International Cost of Living Calculators

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Latest International Inflation Rates

Latest International Inflation Rates in 2021

A Decade of Low Inflation

For most of the past decade the world economy’s problem, has been too little inflation, not too much.

Low inflation allows governments to borrow heavily and central banks buy up debt and is key to the success of economic policies and financial markets.

Inflation in advanced economies has been stubbornly low ever since the 2008 global financial crisis.

The COVID-19 pandemic hit the global economy and lock-downs caused a collapse in economic activity and consumer demand. This led to a sharp fall in oil demand and energy prices across the world. Central banks responded to the pandemic with massive policy stimulus using interest rate cuts, asset purchases and liquidity injections to support the economy. Together these factors resulted in very low global inflation in 2020.

The Outlook for 2021

The good news is that the rollout of vaccinations globally is accelerating, and the early evidence is that they work. What we all want now is to get back to work, have a growing economy, and have dependable money that holds its value as we recover from the pandemic.

There are three main factors putting upward pressure on inflation in 2021:
1. Higher Energy Prices: Oil prices have now recovered to around the same level they were before the pandemic, so will soon begin to push up on inflation as they begin to be compared to the low level of prices last year.
2. The expiry of economic support and pent up demand: For example temporary VAT cuts pulled down inflation in 2020, the return in 2021 will push inflation higher. fully. Emerging bottlenecks threaten to raise the price of goods. A shortage of semiconductors caused by this year’s boom in demand for tech equipment is disrupting the production of cars, computers and smartphones.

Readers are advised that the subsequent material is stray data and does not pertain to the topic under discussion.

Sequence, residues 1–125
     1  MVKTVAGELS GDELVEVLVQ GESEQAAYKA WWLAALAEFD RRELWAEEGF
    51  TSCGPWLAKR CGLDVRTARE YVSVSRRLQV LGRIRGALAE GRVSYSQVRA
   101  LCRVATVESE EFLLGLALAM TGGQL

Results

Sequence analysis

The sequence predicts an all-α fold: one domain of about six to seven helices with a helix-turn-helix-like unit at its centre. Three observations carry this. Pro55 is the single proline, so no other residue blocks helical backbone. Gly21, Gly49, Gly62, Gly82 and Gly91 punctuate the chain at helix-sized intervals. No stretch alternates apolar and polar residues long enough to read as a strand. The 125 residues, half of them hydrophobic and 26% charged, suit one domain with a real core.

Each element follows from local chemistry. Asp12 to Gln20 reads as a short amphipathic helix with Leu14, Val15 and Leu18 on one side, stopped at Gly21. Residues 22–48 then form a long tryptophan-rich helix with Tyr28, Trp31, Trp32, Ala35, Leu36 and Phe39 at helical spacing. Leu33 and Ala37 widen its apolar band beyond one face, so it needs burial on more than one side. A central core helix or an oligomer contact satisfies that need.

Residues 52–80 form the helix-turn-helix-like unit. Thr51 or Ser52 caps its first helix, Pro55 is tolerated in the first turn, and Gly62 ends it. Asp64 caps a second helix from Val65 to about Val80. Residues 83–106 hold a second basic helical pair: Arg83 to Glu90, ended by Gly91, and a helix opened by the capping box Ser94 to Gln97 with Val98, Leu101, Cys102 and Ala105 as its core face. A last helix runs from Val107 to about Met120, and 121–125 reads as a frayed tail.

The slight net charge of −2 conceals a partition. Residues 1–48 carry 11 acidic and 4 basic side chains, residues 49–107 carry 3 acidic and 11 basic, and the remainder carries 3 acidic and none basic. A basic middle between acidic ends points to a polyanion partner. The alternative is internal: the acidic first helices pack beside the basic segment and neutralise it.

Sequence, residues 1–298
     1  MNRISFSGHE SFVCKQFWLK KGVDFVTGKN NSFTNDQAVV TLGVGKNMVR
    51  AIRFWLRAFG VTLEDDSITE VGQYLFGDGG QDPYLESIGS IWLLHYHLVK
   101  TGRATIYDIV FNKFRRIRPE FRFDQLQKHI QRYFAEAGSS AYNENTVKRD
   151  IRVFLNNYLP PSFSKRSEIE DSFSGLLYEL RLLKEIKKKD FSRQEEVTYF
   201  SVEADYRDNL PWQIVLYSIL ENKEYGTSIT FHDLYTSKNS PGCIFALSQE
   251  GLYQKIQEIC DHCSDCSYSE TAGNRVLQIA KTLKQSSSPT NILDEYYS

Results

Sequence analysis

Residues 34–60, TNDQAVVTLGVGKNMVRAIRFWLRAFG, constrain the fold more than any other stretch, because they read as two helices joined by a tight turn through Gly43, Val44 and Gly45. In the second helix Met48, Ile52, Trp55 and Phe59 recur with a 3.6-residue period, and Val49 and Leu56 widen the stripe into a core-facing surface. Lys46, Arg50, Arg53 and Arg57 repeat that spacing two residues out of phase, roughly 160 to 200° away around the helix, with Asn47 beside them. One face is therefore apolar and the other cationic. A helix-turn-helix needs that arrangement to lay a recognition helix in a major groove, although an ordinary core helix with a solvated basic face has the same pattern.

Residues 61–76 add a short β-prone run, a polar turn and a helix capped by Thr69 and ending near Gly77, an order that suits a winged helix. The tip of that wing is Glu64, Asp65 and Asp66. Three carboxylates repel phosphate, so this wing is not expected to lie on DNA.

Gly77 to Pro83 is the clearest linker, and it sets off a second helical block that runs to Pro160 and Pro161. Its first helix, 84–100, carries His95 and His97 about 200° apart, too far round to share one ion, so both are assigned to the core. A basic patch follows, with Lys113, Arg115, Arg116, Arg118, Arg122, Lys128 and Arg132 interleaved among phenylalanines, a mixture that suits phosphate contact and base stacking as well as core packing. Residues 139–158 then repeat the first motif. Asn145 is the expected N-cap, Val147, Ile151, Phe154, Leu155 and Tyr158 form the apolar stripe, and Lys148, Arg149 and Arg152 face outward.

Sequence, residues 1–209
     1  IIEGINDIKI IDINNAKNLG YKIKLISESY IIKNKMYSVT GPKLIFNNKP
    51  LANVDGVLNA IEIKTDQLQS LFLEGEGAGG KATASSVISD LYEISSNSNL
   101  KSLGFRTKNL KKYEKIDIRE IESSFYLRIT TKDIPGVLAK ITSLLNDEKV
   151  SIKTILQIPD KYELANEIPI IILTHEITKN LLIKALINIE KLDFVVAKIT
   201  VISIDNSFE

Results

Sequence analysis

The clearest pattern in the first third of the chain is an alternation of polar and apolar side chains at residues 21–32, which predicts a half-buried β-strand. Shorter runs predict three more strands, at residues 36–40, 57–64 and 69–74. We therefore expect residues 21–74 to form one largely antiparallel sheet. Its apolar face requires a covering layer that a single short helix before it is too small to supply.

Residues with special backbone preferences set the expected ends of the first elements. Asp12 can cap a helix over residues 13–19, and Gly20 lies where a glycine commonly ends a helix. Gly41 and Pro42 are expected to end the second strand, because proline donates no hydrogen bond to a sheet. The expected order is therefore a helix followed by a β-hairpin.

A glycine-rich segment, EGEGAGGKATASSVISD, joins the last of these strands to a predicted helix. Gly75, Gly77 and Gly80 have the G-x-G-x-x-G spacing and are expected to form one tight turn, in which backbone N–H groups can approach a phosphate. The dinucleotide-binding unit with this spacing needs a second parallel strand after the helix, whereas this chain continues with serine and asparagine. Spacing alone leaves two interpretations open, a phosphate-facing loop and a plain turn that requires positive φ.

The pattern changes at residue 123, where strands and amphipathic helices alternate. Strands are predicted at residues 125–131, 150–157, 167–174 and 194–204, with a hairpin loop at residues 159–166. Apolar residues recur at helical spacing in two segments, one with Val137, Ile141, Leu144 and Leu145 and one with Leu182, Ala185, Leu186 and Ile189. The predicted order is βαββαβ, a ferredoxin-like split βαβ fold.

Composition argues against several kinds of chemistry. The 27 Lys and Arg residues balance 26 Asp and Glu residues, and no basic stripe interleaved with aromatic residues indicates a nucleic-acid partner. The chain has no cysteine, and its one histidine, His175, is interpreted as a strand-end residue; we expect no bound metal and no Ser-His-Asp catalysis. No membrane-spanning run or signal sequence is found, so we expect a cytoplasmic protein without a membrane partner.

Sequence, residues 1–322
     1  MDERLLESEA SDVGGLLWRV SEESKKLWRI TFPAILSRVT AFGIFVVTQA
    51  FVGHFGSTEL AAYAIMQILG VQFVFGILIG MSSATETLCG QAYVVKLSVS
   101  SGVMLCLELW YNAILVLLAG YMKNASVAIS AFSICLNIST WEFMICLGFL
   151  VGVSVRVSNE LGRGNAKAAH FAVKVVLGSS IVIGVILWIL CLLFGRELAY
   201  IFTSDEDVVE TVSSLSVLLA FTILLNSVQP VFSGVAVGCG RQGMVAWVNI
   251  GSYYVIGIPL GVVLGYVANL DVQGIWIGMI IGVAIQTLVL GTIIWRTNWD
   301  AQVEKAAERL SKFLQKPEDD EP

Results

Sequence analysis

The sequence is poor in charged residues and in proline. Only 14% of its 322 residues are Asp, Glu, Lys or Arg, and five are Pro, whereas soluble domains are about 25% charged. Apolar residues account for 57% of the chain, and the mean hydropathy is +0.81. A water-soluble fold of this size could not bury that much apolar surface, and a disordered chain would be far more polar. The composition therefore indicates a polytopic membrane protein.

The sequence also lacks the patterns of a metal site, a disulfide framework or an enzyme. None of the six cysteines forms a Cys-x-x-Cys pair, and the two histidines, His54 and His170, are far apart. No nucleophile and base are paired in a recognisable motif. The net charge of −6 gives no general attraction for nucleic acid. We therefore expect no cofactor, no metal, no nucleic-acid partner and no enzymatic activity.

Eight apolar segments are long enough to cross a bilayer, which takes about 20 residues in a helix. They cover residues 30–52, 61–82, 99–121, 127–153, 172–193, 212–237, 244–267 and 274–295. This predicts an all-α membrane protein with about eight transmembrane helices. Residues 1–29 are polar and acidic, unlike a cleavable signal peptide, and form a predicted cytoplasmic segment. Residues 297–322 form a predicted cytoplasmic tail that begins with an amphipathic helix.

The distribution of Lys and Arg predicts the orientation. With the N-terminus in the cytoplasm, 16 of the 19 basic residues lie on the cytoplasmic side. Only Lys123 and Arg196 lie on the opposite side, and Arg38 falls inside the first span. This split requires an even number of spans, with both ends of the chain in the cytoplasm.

3. Increased shipping costs: Global shipping costs almost trebled since the start of 2020. Space on container ships costs 180% more than a year ago.

In January 2021 underlying prices in the euro zone rose at their fastest pace for five years. Inflation will pick up noticeably over the next few months and remain elevated throughout most of 2021. This is not a bad thing. Modestly higher inflation is actually a positive indicator of the ongoing recovery in the global economy. The temporary nature of the factors pushing up inflation in 2021, combined with spare capacity in both product and labour markets, make it unlikely that inflation will increase further and become a real concern in the near future.

Beyond 2021

However if upward inflation trends surge long-term beyond 2021 there is reason to worry. Global debt is large and central-bank balance-sheets are swollen as a result of the COVID-19 pandemic. An era of high inflation and high interest rates must be avoided. There is a lot to like about the idea of escaping the low-inflation, low-rate paradigm of the past decade. But higher inflation will expose the world economy and financial markets to a bumpy ride.

What is the current rate of inflation in 2021?

The latest available inflation rate for all countries world wide (as available on 14 October 2021) are as follows:

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